Indonesian President Joko Widodo received an injection of a China-made vaccine on live television Wednesday as health officials prepared for a nationwide rollout.
Human studies in Indonesia have shown that the CoronaVac vaccine is safe and 65.3 percent effective. But scientists in Brazil said Tuesday that it had an efficacy rate of just over 50 percent there – far lower than the 78 percent effectiveness rate announced last week.
Mr Joko was the first in Indonesia to receive the vaccination, health officials said because he wanted to reassure the public that it is safe, effective and halal, which means that it is legal under Islamic law.
Behind him when he received his injection was a red sign with white letters on it that said the vaccine was “safe and halal”.
“Covid vaccinations are important for us to break the chain of transmission of this coronavirus and provide health protection to all of us, the people of Indonesia, and accelerate the process of economic recovery,” Joko said after getting his shot.
Indonesia, which on Monday approved the emergency use of the Sinovac vaccine, had previously ordered 125.5 million doses from the company and smaller quantities from several others. Indonesia, the fourth largest country in the world with 270 million inhabitants, hopes to achieve herd immunity within 15 months by vaccinating two-thirds of the population.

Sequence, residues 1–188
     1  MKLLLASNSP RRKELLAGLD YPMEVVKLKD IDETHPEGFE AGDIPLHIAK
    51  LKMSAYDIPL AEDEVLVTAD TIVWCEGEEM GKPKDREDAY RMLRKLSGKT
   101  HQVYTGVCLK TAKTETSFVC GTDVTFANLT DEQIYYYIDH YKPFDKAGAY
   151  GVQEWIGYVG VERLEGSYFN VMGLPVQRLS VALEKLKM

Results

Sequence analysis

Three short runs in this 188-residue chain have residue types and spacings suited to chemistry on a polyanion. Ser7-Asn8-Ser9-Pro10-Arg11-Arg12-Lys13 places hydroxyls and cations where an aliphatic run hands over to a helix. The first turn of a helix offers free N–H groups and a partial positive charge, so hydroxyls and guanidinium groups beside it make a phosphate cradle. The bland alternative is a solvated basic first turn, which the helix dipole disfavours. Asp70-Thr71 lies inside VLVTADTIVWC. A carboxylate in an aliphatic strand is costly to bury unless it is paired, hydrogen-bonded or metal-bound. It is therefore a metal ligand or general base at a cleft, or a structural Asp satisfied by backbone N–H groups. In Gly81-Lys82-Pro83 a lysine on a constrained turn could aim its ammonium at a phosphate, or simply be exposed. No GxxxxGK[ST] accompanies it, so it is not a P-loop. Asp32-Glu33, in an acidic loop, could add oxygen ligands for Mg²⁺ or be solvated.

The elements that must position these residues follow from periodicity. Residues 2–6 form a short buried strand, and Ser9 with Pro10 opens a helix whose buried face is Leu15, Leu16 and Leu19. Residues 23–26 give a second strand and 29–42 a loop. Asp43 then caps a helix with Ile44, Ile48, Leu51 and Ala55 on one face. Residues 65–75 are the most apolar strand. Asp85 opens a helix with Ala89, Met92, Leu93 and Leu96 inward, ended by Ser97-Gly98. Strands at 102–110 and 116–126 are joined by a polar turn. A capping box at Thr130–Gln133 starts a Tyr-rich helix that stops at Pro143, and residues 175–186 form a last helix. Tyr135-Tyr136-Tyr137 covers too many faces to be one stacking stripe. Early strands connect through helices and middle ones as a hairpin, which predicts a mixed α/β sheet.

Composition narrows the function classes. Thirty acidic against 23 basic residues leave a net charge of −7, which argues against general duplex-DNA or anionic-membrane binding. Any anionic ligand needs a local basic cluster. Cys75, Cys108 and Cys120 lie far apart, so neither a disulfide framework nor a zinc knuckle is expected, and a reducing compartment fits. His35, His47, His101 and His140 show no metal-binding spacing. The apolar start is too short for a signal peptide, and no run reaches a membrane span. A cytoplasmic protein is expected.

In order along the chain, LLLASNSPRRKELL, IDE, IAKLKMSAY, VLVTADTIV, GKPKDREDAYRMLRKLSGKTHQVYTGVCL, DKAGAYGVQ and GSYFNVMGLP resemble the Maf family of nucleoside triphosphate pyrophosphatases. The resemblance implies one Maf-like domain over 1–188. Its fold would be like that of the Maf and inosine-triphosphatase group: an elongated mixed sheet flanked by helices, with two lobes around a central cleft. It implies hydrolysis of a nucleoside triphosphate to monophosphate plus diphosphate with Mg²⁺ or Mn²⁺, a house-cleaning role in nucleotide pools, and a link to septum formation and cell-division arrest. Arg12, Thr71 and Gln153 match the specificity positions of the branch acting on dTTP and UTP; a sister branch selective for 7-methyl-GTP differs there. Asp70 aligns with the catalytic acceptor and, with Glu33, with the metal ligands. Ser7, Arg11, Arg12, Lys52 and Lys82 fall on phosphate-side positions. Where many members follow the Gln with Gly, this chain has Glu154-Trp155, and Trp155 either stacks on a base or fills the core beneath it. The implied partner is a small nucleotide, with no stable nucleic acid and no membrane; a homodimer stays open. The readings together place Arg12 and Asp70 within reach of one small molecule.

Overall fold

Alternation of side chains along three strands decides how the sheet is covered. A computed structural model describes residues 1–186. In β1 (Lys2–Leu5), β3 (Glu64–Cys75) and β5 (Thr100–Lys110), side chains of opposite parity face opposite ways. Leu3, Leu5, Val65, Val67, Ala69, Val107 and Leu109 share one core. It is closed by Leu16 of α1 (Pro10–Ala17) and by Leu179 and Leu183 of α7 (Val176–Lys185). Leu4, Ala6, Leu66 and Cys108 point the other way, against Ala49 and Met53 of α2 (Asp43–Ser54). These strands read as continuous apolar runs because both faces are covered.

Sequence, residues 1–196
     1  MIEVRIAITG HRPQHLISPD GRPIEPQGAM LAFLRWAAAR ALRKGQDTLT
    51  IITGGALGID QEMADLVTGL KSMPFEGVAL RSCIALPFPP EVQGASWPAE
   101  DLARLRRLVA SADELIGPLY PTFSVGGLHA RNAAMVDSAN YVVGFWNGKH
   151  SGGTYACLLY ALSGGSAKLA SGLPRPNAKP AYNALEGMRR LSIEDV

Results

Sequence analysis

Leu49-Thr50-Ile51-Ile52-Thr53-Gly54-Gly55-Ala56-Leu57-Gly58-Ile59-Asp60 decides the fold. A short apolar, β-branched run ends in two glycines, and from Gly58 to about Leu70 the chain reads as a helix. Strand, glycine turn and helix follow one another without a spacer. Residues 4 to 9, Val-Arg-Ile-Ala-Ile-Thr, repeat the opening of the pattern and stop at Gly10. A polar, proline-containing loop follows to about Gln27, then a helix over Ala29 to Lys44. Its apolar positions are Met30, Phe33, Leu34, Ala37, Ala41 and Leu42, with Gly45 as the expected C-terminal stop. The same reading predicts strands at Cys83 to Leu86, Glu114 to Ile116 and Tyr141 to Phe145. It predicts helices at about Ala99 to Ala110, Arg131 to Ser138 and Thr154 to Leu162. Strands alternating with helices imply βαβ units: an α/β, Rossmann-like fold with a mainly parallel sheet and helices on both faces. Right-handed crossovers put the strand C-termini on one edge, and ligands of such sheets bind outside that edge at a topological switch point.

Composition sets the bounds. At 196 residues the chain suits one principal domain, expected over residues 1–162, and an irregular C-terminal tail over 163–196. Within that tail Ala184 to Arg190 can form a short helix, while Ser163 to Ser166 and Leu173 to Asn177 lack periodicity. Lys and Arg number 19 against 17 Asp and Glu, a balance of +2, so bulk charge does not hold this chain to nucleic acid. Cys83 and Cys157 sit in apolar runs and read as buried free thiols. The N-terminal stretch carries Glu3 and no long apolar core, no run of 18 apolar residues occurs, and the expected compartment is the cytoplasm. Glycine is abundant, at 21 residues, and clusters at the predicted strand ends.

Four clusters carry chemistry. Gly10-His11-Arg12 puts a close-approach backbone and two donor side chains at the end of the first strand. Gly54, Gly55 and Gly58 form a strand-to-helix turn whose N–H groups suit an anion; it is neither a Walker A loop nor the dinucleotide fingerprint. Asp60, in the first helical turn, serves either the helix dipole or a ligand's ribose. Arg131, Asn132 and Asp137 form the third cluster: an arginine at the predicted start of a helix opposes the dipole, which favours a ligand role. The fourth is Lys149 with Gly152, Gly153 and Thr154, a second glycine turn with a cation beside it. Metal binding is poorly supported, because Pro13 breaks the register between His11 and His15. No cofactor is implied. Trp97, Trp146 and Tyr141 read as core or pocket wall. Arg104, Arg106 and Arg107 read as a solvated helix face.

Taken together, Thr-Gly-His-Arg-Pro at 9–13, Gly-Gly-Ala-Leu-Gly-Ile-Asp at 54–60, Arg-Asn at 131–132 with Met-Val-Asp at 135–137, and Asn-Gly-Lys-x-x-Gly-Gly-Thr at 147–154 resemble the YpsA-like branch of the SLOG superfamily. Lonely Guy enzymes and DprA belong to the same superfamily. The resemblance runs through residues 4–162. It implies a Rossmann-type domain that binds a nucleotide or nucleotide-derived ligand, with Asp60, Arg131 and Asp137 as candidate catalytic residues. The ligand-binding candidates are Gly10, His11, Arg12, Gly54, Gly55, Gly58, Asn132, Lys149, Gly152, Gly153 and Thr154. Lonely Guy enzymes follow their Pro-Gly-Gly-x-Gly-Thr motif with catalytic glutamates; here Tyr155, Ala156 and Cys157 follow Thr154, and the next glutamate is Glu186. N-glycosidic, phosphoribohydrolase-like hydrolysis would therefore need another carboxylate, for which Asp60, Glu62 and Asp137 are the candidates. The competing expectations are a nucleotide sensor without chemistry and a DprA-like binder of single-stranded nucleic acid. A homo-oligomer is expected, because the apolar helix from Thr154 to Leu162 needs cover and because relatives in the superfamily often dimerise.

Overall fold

However, there are still questions about the Sinovac vaccine that China administered last year before the human trials were completed.
The company has not yet released any data on the results of its trials. The vaccine efficacy rate measured in Brazil and Indonesia is still well below the 90 percent rates for Pfizer and Moderna vaccines approved in the US and other countries.
Dicky Budiman, an Indonesian epidemiologist at Griffith University in Australia, said CoronaVac’s relatively low rate of effectiveness should lead Indonesia to look for alternatives. He also questioned the transparency of the various studies and the data published.
“At least Indonesia has a vaccine as a tool to protect its health workers and prevent staff shortages,” he said. “Of course the government should do its best to get other vaccines.”
Indonesia plans to distribute the vaccine to medical personnel, police officers and soldiers first. It has also launched a national advertising campaign to convince the public to get the vaccine, which will be free.
After the vaccination of Mr. Joko in front of the cameras were the army chief, the national police chief and the newly appointed health minister as well as other dignitaries and so-called influencers.
Indonesia has reported nearly 850,000 coronavirus cases and nearly 25,000 deaths, Southeast Asia’s highest scores in both categories.